Skip to content
Join our Newsletter
Join our Newsletter

YP goes to school in Italy

Young will bring Olympic alpine experience back to Whistler for 2010

If the Torino Olympics are a school for VANOC and the people putting on the 2010 Games, one of the most attentive people in class is Peter Young, the long-time race organizer for Whistler-Blackcomb.

Young, better known as YP, has been in Sestriere since early February, and will remain there until the Paralympics conclude in mid-March. He’s been working with the jury for the men’s races; on the hill inspecting the courses in the morning, sitting in on jury meetings in the evening and participating in discussions about scheduling, training runs and what needs to be done to make the courses safe for racing.

"I’ve been having an unbelievable learning experience here in Sestriere," Young said.

"I’ve worked on quite a few World Cups and the Olympics is just such a whole other animal in terms of… I guess what makes it different is the security and also the media and the whole complicated aspect of the broadcast. It’s not just one show that you’re looking at if you have to change the schedule, it’s all the other events that are going on at the same time."

The alpine ski events of the 2006 Olympics were spread over three different mountains, with three different finish areas, in Sestriere Colle, Sestriere Borgata and San Sicario Fraiteve. The situation will be different in Whistler in 2010.

"Here I think it’s a little more complicated than it will be in Whistler," Young said. "Because in Whistler we will only have one stadium, one big double finish area, so the infrastructure won’t be quite as big. It’ll be a little more efficient.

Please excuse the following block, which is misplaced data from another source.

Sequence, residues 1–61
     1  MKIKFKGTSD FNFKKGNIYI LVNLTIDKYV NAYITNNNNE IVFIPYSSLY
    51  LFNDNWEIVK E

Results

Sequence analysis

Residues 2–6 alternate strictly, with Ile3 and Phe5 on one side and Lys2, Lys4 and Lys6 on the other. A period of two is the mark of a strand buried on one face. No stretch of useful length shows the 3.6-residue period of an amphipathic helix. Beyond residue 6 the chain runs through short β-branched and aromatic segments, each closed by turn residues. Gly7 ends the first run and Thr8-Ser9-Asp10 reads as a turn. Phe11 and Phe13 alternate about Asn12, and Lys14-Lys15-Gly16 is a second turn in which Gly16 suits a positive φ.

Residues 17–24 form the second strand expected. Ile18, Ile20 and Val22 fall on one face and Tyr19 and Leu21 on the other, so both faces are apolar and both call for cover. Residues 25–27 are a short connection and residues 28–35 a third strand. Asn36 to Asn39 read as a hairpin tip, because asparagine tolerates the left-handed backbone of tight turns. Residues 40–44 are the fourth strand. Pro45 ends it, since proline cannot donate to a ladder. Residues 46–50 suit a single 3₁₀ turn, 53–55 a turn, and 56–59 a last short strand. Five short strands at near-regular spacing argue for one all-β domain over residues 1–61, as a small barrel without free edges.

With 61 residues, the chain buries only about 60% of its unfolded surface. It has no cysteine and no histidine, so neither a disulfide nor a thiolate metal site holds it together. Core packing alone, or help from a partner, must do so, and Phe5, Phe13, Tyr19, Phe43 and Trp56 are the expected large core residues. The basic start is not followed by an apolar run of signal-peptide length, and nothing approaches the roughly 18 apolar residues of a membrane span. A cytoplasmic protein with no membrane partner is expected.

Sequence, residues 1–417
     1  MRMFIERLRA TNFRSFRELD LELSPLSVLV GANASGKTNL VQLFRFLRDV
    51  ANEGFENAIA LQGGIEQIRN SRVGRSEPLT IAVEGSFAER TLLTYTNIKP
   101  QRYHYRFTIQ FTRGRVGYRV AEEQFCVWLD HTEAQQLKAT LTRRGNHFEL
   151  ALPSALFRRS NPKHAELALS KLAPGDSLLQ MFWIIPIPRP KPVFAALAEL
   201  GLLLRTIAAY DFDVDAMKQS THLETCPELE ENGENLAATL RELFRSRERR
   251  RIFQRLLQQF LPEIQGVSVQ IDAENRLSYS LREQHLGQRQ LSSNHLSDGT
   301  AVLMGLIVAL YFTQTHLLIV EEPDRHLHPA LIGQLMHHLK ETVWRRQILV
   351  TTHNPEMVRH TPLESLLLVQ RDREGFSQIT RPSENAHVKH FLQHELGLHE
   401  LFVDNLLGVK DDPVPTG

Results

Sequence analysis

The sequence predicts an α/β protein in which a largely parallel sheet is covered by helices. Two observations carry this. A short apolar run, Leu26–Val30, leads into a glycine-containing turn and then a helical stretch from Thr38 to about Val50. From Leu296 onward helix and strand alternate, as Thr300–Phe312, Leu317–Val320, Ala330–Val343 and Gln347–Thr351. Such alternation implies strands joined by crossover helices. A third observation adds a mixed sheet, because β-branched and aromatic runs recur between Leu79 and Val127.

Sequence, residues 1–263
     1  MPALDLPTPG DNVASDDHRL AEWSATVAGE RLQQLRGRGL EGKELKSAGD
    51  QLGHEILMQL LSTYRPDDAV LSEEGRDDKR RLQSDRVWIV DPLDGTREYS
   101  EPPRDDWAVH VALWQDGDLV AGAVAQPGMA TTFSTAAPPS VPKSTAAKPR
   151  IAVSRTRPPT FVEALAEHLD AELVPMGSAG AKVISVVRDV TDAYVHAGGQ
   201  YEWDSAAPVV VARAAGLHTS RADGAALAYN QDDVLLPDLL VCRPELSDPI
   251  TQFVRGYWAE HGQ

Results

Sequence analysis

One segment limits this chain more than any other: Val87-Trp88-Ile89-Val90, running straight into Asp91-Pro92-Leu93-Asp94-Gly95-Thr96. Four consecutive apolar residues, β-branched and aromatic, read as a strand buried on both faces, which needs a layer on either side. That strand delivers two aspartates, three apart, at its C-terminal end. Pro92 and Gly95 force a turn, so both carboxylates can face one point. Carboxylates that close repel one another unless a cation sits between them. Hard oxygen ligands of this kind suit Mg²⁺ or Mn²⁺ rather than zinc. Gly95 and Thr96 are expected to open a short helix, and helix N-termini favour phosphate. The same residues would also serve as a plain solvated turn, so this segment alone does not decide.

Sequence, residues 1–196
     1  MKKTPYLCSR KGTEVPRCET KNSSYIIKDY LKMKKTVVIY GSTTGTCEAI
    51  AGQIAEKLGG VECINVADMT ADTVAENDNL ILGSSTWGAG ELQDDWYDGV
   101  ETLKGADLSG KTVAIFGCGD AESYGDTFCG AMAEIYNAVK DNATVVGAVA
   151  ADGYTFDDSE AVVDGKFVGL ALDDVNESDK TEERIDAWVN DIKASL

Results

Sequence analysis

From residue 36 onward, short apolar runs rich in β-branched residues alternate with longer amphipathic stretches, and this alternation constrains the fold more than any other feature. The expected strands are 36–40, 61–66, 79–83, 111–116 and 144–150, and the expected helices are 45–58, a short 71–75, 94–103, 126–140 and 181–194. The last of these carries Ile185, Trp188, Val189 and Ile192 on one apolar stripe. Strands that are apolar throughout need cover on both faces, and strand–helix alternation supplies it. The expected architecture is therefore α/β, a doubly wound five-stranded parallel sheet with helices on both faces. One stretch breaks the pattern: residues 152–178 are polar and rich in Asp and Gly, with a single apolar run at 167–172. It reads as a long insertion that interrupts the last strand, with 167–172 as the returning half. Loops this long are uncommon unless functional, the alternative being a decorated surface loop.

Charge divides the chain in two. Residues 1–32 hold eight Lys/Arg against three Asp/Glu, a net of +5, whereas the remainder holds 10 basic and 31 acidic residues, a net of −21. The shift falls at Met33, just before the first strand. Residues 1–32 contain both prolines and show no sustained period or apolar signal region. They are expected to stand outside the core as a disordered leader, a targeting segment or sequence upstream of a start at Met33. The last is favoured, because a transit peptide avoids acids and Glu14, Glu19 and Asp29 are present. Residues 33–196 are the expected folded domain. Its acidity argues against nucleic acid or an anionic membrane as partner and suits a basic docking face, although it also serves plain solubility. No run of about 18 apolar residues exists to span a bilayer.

"There may be some challenges with the scheduling and potential re-scheduling of events with that setup, but that’s some of the stuff we’re learning now as we’re here; how it works. We’re kind of already working on our schedules and backup plans and what have you."

The finish for the men’s and women’s alpine events in Whistler will be on the Timing Flats above Creekside. There will be some major reshaping of the area, starting this summer, in order to accommodate the stadium and some changes to the men’s and women’s courses.

"We’ll have a double finish at the Timing Flats," Young said.

"The women’s course will be coming down Franz’s and Frandola and Fortner’s Corner and that area into the finish. And then the men will be coming down the Dave Murray through Coaches Corner. And at Heinz’s Hop, now, the course will hang a tighter right and it will go right out to the power line. And then there will be a new Hot Air for the men’s finish.

"The theory is we’ll be able to run training runs for both men and women simultaneously, and that way we’ll be able to keep on with the schedule."

Because of clear, cold weather, course preparations for the men’s downhill and combined downhill at Sestriere looked relatively simple, but Young said the race jury worked very hard with local ski instructors and members of the Italian military to get things ready prior to the Games.

"About a week before (the Olympics started) they had 40 cm of new snow, so they had a lot of work to do and a lot of preparation in churning the snow up, applying lots of water to the hill with the water bars to make it really hard," Young said.

"It’s sort of interesting to see how with the men’s courses they apply a lot more water, it’s a lot harder then the women’s. And also interesting to see how they can change the surface a little bit from men’s to women’s events by doing a little grooming on top of that water-barred surface.

"For the Paralympics, which will all be here in Sestriere, they’ll also recondition the hills so they’re not quite as hard."

All in all, school is going well for Young.

"I’ve just met so many great people here in Italy," he said. "I totally respect what they’re doing on the hill. I think they’re doing a fantastic job. Lots of them are wanting to come and work in Whistler in 2010."